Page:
• A system of religious belief
    Plural noun: faiths
    “The Christian faith” 
  • A strongly held belief or theory
    “The faith that life will expand until it fills the universe”

Biblical definition of faith (Christian)

“Now faith is the substance of things hoped for, the evidence of things not seen” Hebrews 11: 1

Faith is the connecting power into the spiritual realm, which links us with God and makes Him a tangible reality to the sense perceptions of a person. Faith is the basic ingredient to begin a relationship with God.

Faith is the assurance that the things revealed and promised in the Word are true, even though unseen, and gives the believer a conviction that what he expects in faith, will come to pass.

Jewish definition of faith

Emuna is trust and reliance upon God, both of which call forth behavior consistent with that stance of trust and reliance. It begins with acquiescing intellectually and by that means allowing a change in the heart to occur. At least twice a day, the Jews pray the “Aleinu.” In part it says: As it is written in Your Torah: “And you shall know today, and take to heart, that Adonai is the only God, in the heavens above and on Earth below. There is no other.”

They also pray the “Sh’ma”:

Hear O Israel, the Lord your God, the Lord is One. This prayer is essential to the Jewish faith. In Hebrew, it says: Sh’ma YIS-ra-eil, A-do-NAI E-lo-HEI-nu, A-do-NAI E-chad.

There is controversy over whether this essential Hebrew shows the Trinity or not. Many Christians and Messianic Jews assert that it does, indeed, show a “more than one, one.” They point to two words that certainly seem to imply more than a singular one.

The first word is E-lo-HEI-nu. It is translated “our God” (the “nu” at the end is the 1st 

person plural suffix meaning “our”). Elohei is plural and can mean gods as well as God. (One thing to keep in mind is that sometimes Hebrew uses pluralization to mean greatness.)

The second word is e-CHAD (ch is pronounced like the end sound in the name Bach).

Then they came to the Valley of Eshcol, and there cut down a branch with one אֶחָד, (echad) cluster of grapes; they carried it between two of them on a pole. They also brought some of the pomegranates and figs (Numbers 13:23).”

So you can see that the word can mean “one comprising many.” Taken together, it is said that the Sh’ma itself, crucial to the Jewish faith (emunah), can actually be translated “Hear O Israel, the Lord your Gods, the Lord is one (comprising many).”

A Jewish response to this is that echad is used many times to mean one and only one.

Deuteronomy 17:6 says: “At the mouth of two witnesses or three witnesses, shall he that is worthy of death be put to death; but at the mouth of one אֶחָד (echad) witness he shall not be put to death.”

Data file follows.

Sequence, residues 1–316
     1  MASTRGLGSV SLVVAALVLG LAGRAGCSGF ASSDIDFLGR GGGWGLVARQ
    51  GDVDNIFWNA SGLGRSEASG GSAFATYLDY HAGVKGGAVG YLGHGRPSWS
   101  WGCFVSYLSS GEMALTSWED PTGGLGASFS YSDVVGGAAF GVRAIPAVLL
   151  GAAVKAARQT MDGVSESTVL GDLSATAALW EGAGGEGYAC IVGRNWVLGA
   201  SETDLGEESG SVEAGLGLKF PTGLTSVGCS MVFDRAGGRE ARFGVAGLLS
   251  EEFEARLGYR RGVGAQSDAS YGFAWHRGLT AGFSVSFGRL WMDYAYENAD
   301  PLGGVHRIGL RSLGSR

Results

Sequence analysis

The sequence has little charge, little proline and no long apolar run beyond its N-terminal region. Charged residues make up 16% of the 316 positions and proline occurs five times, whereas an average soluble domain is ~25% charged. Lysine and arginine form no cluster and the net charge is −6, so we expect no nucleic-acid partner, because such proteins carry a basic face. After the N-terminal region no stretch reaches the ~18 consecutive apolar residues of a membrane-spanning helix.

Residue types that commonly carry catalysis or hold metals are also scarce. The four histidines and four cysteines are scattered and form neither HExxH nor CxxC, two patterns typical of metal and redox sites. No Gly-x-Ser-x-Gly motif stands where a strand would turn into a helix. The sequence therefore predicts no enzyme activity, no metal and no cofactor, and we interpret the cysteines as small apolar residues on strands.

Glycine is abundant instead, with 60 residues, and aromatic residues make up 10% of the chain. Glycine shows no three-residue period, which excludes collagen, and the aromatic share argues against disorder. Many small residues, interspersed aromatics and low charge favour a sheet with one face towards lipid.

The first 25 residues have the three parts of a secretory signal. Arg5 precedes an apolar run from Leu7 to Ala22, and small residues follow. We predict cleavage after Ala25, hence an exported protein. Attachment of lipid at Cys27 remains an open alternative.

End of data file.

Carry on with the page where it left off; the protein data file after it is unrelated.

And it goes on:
Thus, there are legitimate arguments on both sides. However, it is not the Sh’ma alone that establishes the Trinity, but the preponderance of Scripture that reveals the Father, the Son, and the Holy Spirit.

Thus, it is by emunah that we receive the knowledge of the Trinity as Christians that Jews do not see. With them, intellectualism 

comes first followed by faith; with Christians and Messianic Jews, first is emunah, which then opens up our minds and hearts to receive knowledge.


Emunah is knowing God, not knowing about God.

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Offerings to God: A Messianic Perspective

Offerings to God: A Messianic Perspective

For premillennialists (those who believe that Jesus will have an earthly reign after the rapture of the church), it’s difficult to understand why there would be animal sacrifices during the millennial reign. After all, Hebrews 10 makes it very clear that God does not desire sacrifices and that Jesus’ death was the ultimate sacrifice once for all.

When he said above, “You have neither desired nor taken pleasure in sacrifices and offerings and burnt offerings and sin offerings” (these are offered according to the law),  then he added, “Behold, I have come to do your will.” He does away with the first in order to establish the second.  And by that will we have been sanctified through the offering of the body of Jesus Christ once for all. (Hebrews 10:8-10)

  “And the foreigners who join themselves to the Lord, to minister to Him, to love the name of the Lord, and to be His

servants, everyone who keeps the Sabbath and does not profane it, and holds fast My covenant—these I will bring to my holy mountain, and make them joyful in My house of prayer; their burnt offerings and their sacrifices will be accepted on my altar; for My house shall be called a house of prayer for all peoples.”